Don’t be a “Gluten Bully” -or- Nothing Ruins an Afternoon like Explosive Diarrhea

-Or-  Today, I really ended a paragraph in a business email with “…nothing ruins an afternoon like explosive diarrhea”.

-Or- You’re getting a free lunch… quit your bitching.

Okay, I’ll stop there.  Here is my point, food brings people together.  Big gatherings, small gatherings, almost all gatherings of people involve food in some form.  I’ve written before about how I’m gluten-free; this wasn’t really by choice.  The simple truth of it was that I had gas so bad and so often that I didn’t even want to be in the room with myself.  (Is the magic over now?)  That was just the major symptom of Celiac disease that was noticeable to people in my general vicinity, and what usually would cause me, or them, to rapidly vacate the area.  “RUN!  Save yourselves!”  There were a host of other symptoms from eating gluten, but in the year preceding giving up delicious, forbidden gluten, we’ll just say that Mr. Muse made more than one comment about odiferous expulsions.  (Women fart, okay.  You’re just going to have to get over that fact.)

Going gluten-free wasn’t something I woke up one day and said, “Gosh, today I’m going to go gluten-free and eliminate all spontaneity from my life, disappoint my friends, family, coworkers and myself and never be able to indulge in normal food ever again!”  No no, I carefully thought that shit out (literally… usually I read in there, but sometimes I just sit and think) because food brings people together.

Game night with friends?  FOOD!
Movie night?  FOOD!
Date night?  FOOD!
Holiday gatherings?  LOTS of FOOD!
Backyard parties?  FOOD!
Birthday Party?  CAKE!  and FOOD!

I can’t just jump in the car with Mr. Muse and NOT think about food.  Where can we stop along the route that is safe?  Do I need to bring snacks along just in case (the answer to this question is always: YES!)?  Attending an event; did I remember to call them and ask about the menu beforehand?  And then there is the feelings of isolation and alienation when you see everyone else getting to enjoy some delicious meal or dessert and you can’t have it or they’re enjoying it, start to offer you a taste because for a moment they forgot that you were no longer normal and give you that pitying “ohhh, that’s right.  You can’t have it…. gluten.”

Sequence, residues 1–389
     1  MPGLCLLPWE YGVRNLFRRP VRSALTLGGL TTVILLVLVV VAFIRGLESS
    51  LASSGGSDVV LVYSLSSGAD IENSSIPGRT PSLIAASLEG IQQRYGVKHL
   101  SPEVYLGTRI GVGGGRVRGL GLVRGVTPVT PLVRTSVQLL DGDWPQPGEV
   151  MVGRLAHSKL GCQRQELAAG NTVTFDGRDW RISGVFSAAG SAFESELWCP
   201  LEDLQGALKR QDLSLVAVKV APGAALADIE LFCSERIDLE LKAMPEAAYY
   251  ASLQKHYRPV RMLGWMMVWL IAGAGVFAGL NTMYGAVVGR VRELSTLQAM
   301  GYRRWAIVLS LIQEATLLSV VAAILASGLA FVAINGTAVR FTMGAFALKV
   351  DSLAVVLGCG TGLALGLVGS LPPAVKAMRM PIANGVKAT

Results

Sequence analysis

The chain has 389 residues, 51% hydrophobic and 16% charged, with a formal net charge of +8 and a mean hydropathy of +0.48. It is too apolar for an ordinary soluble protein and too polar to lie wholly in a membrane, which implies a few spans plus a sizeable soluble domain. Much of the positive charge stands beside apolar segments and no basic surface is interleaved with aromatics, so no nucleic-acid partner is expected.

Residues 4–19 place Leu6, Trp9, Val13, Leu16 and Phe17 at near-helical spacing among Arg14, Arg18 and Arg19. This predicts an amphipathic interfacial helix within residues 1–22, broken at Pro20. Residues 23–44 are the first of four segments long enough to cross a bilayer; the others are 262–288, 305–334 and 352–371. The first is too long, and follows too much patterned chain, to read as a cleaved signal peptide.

You see where I’m going with this?  So, let’s repeat:  food brings people together.  When there is someone who doesn’t just rock the boat but fucking flips it over, the passengers are all left bobbing in the water wondering what the hell they are going to do now.

I just so happen to have great family and friends.  My mom, she makes sure that I’ve got gluten-free fare to nosh on and meals are gluten-free for everyone when we visit.  My friends probably took the diagnosis harder than I did because entire menus that had been relied upon for events like our Misfit Thanksgiving had to be tweaked, adjusted or certain products replaced altogether because of my new, special diet.  How awesome are my friends?  They even make DESSERT gluten-free now!!

I won’t say that there wasn’t any teasing initially.  The familiar foods we’d all grown to enjoy together were no longer on the menu.  They had to be replaced or reworked.  This rocked everyone’s world but I have fucking awesome friends who have gone to great lengths to accommodate my gluten-free status.  And now, a few more have switched over for various symptoms like joint pain, and are noticing results.